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Richard Randolph Carr


Duke Lane
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Richard Randolph Carr: Witness or Perjuror?  

21 members have voted

  1. 1. Is it likely that Richard Carr was a WWII Army Ranger?

    • Yes
      5
    • No
      3
    • Unsure
      4
  2. 2. Do you believe that he told the truth about what he'd seen - if anything - in Dealey Plaza?

    • Yes
      7
    • No
      4
    • Unsure
      1
  3. 3. What things do you consider "likely true" among those related by Mr. Carr?

    • He was in or near Dealey Plaza
      11
    • He was applying for a construction job at the new county courthouse
      8
    • He was on the sixth or seventh floor of the building
      7
    • He was able to see a man, in detail, from 800 feet away
      5
    • The man was in a "top floor" window
      5
    • The man was in the third window from Houston Street on the FIFTH floor
      2
    • The man was behind the picket fence
      2
    • The man and a gray Rambler were somehow connected
      7
    • The car was driven by a Negro man
      2
    • The car was driven by a Latin man
      3


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What? Me faithful??? B)

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DUKE: "I don't need his testimony for that, either. I should point out, however, that I had no particular axe to grind against Carr when I started to look into his deal; indeed, I'd actually been looking at disproving someone who (I'd heard) said that he'd been "in the building where Carr was," had "looked out" and not been able to see what Carr had said he'd seen. "

It would be interesting to know whom you are talking about, as well as exactly what they claimed to have (not) seen.

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It doesn't matter because it turns out that what I'd heard isn't what the individual had actually said. At least, not including the part about being where Carr actually was, just merely inside the building, unsure if even the same floor. It was just something I'd heard, and I wasn't keen on accepting the dismissal so off-handedly.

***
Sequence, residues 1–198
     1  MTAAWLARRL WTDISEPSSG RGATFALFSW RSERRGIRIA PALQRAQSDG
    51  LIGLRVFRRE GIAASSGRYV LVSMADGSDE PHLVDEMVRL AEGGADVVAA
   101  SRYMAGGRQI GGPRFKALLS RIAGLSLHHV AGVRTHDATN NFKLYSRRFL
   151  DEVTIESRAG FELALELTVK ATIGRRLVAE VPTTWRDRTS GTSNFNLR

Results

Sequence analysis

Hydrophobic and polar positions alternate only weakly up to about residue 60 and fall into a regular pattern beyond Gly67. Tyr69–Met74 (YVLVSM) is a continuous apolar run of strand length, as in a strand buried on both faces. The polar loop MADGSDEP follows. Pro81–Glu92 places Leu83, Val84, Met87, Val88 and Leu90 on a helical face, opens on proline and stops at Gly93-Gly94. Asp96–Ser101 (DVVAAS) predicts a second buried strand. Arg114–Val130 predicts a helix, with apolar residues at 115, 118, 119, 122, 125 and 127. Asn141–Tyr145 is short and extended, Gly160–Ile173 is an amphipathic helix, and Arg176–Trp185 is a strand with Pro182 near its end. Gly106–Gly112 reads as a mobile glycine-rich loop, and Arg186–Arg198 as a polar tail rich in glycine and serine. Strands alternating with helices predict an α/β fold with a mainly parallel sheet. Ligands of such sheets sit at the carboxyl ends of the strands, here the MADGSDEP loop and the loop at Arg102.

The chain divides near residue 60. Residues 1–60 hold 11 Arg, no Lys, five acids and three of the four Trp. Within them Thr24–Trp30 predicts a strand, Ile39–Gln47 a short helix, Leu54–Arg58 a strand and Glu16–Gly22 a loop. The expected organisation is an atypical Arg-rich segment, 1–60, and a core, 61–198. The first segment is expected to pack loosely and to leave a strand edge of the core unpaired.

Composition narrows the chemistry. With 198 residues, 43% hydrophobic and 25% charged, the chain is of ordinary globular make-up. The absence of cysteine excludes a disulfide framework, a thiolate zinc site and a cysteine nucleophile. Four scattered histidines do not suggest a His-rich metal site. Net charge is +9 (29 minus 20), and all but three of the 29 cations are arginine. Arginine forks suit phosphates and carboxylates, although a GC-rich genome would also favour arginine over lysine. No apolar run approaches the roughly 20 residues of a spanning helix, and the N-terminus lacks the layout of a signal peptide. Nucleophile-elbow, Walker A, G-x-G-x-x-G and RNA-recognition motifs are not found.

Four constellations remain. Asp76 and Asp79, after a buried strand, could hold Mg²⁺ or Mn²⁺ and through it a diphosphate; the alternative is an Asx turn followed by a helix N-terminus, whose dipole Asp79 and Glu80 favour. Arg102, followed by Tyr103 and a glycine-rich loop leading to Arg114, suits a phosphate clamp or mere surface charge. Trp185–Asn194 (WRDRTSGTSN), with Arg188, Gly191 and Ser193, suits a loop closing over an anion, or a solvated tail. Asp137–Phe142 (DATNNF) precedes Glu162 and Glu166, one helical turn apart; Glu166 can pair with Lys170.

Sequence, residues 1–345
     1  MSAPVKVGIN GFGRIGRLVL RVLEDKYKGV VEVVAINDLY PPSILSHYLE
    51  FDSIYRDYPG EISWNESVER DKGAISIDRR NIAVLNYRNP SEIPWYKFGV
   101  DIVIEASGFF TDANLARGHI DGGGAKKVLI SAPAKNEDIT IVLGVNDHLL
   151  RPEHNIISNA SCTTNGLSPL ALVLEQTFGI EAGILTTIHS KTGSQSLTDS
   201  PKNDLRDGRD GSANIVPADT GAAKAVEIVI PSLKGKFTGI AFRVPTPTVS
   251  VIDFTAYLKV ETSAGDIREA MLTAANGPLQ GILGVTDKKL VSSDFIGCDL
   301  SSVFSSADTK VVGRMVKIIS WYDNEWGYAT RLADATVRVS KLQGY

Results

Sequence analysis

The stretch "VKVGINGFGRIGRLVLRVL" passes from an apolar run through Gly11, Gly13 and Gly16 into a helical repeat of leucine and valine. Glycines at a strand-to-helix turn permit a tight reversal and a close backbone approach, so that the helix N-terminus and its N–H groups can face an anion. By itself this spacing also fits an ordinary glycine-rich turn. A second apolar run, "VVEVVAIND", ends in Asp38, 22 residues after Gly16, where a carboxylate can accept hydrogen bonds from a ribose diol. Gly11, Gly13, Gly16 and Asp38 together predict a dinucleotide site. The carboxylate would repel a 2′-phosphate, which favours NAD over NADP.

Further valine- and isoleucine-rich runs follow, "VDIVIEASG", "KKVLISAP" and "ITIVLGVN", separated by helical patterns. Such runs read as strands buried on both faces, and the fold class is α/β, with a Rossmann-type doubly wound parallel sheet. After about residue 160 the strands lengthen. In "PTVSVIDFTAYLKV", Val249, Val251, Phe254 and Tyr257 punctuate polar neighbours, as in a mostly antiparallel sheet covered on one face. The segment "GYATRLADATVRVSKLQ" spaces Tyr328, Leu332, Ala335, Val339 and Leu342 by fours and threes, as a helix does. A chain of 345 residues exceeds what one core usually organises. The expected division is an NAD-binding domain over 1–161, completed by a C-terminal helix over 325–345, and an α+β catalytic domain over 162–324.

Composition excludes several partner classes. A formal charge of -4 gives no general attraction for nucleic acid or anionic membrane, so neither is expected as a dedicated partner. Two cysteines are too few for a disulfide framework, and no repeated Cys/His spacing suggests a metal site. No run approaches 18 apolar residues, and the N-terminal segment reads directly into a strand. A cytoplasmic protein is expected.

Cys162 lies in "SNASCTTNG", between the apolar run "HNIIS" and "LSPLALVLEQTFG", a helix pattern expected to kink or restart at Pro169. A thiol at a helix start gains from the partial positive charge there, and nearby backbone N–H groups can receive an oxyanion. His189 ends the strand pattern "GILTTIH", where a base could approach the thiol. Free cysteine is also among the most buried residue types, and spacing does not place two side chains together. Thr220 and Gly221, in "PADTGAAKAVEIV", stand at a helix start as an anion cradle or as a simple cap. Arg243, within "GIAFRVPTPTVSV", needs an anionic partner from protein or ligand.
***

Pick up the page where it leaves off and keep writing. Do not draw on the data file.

In truth, prior to Jack White posting the aerial, I never knew exactly which building building was under construction at the time. Somewhere along the line, I'd also heard mention of the Lawrence Hotel, and thought that might've been it (it is the next building south of the courthouse on Houston). If so, other than the distance factor (which I hadn't yet considered), I didn't see why Carr couldn't have been able to see the TSBD.

I also received the following in email a few days ago:

Duke,

At your request today, I viewed the line of sight to the George Allen Courts Building from the sixth floor sniper's nest. I stood next to the glass restricting public entrance to get a direct view through the TSBD corner window to the Allen building. The lowest visible floor was the ninth floor; all floors below were blocked from view by the Old Red county court house on the southeast corner of Main & Houston streets.

Any Museum visitor can see the exact same view. Also, EarthCam has a camera mounted in the recreation box at the sniper's nest window. The camera rotates and the early view down Houston Street shows the line of sight in that direction, but not the Allen building:

Best regards,

Gary Mack

Curator

The Sixth Floor Museum at Dealey Plaza

The camera view looks toward the Allen building (the new county courthouse), but its angle is downward enough that nothing above the roof of Old Red is visible, i.e., the top of the frame doesn't rise high enough. I understand that you can order photos to be taken by the museum showing this view, tho' I think we've already seen samples validating what Gary said above.

This isn't a huge issue since Carr never claimed to have seen anyone on the sixth floor, but on the seventh (or "top") floor initially, then on the fifth while under oath. As one descends from one floor to the next, however, they would see less, not more, of the upper floors (of either building).